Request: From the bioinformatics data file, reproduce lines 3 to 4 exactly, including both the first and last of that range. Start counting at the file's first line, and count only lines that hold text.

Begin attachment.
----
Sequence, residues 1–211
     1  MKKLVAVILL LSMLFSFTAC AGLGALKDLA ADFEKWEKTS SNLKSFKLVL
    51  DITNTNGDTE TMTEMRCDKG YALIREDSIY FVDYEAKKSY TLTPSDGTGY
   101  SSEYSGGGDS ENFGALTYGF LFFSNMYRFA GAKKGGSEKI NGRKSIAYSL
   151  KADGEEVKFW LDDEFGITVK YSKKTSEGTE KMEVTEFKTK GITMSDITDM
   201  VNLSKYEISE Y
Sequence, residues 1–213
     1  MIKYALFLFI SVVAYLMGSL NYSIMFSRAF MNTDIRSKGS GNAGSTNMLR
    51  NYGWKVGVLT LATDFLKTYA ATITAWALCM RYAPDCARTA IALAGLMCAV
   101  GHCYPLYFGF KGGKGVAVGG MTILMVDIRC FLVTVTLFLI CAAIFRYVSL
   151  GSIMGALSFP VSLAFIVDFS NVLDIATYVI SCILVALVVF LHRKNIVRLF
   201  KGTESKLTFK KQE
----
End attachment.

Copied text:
    51  DITNTNGDTE TMTEMRCDKG YALIREDSIY FVDYEAKKSY TLTPSDGTGY
   101  SSEYSGGGDS ENFGALTYGF LFFSNMYRFA GAKKGGSEKI NGRKSIAYSL